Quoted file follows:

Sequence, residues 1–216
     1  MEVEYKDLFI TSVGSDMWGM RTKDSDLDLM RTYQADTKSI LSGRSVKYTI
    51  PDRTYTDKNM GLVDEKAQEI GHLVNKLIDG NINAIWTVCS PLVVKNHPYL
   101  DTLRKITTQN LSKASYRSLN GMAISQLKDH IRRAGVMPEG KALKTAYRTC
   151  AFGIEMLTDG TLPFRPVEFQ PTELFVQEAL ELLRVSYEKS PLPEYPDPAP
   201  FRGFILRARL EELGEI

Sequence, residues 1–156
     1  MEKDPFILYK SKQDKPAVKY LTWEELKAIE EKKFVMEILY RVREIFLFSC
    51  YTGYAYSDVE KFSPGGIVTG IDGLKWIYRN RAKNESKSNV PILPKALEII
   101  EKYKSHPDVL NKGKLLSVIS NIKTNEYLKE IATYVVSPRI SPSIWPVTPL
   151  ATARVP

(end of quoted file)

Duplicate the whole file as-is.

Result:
Sequence, residues 1–216
     1  MEVEYKDLFI TSVGSDMWGM RTKDSDLDLM RTYQADTKSI LSGRSVKYTI
    51  PDRTYTDKNM GLVDEKAQEI GHLVNKLIDG NINAIWTVCS PLVVKNHPYL
   101  DTLRKITTQN LSKASYRSLN GMAISQLKDH IRRAGVMPEG KALKTAYRTC
   151  AFGIEMLTDG TLPFRPVEFQ PTELFVQEAL ELLRVSYEKS PLPEYPDPAP
   201  FRGFILRARL EELGEI

Sequence, residues 1–156
     1  MEKDPFILYK SKQDKPAVKY LTWEELKAIE EKKFVMEILY RVREIFLFSC
    51  YTGYAYSDVE KFSPGGIVTG IDGLKWIYRN RAKNESKSNV PILPKALEII
   101  EKYKSHPDVL NKGKLLSVIS NIKTNEYLKE IATYVVSPRI SPSIWPVTPL
   151  ATARVP